It is because this failure is hard to measure that it does not get to the top of our politics-driven National Health Service. I am referring to the treatment of the elderly.
You can put a number on a waiting list. You can measure the number of people who survive different kinds of cancers for five years. You can measure how long people wait in Accident and Emergency. But you can't easily measure the number of elderly people who are not helped to eat and drink or the number who are left to lie for hours in their own urine. Perhaps, though, it would be possible to measure how many are lying on hard beds when they should be on air-filled mattresses to reduce the risk of bed sores?
All this is relevant today because the Daily Mail and Radio 5 Live, among others, have given plenty of attention to a report by the Patients' Association about the treatment of the elderly.
Here is a typical example that has been brought forward:
Last November, the grandmother was admitted to Queen’s Hospital in Romford, Essex, with chronic heart failure after the care home where she had lived for a year became worried about her after a fall.
Mrs Dowsett, a local government consultant, brought her mother home-made food.
But although it was placed in front of her, other patients said staff did not help her to eat or drink.
The call alarm buzzer was also repeatedly left out of her reach.
One day, after using a bedpan, she was left calling for help and ‘in a very uncomfortable position — like a turtle on its back’, said Mrs Dowsett, who had twice to go and tell a nurse before anyone went to help her mother on the ‘understaffed’ ward.
Requests for painkillers were refused.
On another occasion she arrived to find her mother ‘looking like she was dead but still alive, screaming in pain, incoherent, clinging to the bed in a foetal position’.
Her mother also developed bedsores, which went undetected for days.
She was discharged on December 3, readmitted to hospital 16 days later and died on December 21 from a heart attack.
An investigation was launched after a complaint by the care home about the bedsores.
A report by the safeguarding adults team found that on the ‘balance of probability’ there was ‘neglect’. It also found her diet and nutrition should have been properly monitored.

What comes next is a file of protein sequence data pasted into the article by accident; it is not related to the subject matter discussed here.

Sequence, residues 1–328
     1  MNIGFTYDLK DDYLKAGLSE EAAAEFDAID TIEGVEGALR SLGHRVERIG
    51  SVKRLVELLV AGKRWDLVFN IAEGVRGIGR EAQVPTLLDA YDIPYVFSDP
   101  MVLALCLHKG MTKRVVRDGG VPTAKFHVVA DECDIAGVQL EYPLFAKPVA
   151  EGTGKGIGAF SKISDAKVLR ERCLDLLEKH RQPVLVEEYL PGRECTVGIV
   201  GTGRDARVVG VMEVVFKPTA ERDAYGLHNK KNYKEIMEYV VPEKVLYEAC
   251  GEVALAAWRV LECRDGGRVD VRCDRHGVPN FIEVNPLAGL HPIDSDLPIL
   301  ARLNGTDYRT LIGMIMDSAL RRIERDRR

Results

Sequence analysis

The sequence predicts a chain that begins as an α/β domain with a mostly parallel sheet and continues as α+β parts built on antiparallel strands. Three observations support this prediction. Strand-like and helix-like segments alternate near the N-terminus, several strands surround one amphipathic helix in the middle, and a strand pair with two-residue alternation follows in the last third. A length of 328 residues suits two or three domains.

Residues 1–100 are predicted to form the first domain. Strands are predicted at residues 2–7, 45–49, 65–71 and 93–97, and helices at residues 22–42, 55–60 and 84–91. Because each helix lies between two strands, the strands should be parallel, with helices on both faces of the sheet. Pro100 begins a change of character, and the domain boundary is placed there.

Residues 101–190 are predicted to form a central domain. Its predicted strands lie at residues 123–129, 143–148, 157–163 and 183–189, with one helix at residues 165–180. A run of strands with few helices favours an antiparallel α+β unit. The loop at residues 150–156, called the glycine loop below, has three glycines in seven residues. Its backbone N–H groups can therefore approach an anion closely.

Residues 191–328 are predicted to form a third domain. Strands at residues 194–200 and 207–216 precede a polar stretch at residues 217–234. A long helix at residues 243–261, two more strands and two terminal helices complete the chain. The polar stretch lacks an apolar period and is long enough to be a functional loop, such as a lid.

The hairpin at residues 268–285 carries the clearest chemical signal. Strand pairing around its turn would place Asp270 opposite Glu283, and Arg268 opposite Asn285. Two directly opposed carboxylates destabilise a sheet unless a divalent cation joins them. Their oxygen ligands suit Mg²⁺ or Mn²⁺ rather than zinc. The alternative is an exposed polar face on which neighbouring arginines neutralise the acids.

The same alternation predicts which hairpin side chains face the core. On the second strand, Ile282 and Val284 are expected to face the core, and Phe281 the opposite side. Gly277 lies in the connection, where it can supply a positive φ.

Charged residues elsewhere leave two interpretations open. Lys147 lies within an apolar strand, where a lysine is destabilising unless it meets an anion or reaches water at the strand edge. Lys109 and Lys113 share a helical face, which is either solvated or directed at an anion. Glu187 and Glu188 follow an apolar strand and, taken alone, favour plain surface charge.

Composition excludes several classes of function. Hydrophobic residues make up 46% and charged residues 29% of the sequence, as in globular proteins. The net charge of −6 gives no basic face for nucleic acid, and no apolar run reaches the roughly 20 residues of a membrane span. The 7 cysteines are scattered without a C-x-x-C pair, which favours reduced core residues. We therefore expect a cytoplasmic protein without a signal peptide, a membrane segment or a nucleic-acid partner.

The report added that the police were contacted for their stance and they advised ‘it would be a criminal matter if it was an individual who had the sole care of the patient. As it appeared this was the failing of the institution as a whole, they advised that the institution should investigate their own failings.’
That was the Daily Mail report. It is in full here.
And here is how the article begins:
Tens of thousands of elderly people are suffering appalling care at the hands of the NHS every year – pushing complaints to a record high.
For the first time last year, more than 100,000 patients and relatives were forced to issue complaints after being let down by the Health Service.
Hundreds of thousands more won’t have bothered to complain because they have so little faith that the NHS will listen.
Must do better: Complaints about the treatment of elderly patients within the NHS have soared
The Daily Mail is today backing a campaign by leading charity, the Patients Association, for an overhaul of the complaints system to make it completely independent – and end the scandal which sees people forced to complain to the hospitals against which they have a grievance.
And we are backing their appeal to raise £100,000 to boost their helpline which helps angry NHS patients submit complaints and has become inundated in recent years.
I am glad to see the Patients' Association getting so much coverage for this important story. It is good that the British public is increasingly getting to grips with the unwelcome reality that the NHS has major failings. My only slight regret is that the conclusion reached by the Patients' Association is that we should 'call Matron. I have heard this cry for at least the past two decades, probably more. Newspapers and politicians take up the cry but it never seems to result in a real change. And meanwhile there is a failure to face up to the truth that the problem is systemic. The problem is the nature of the NHS - a top-down monolith with all the same sorts of malfunctions and waste that normally exist in state monopolies.
We need to change the system. The OECD lists six different types of healthcare system (see previous entry). Judging by the results we have experienced in Britain, almost any of the others would be preferable. The government should commission an enquiry using people of all political persuasions to look at systems around the world and find the one that would best suit our needs.
At present, many of us have bitter experience of how badly the NHS has treated elderly people that we love. This must change.
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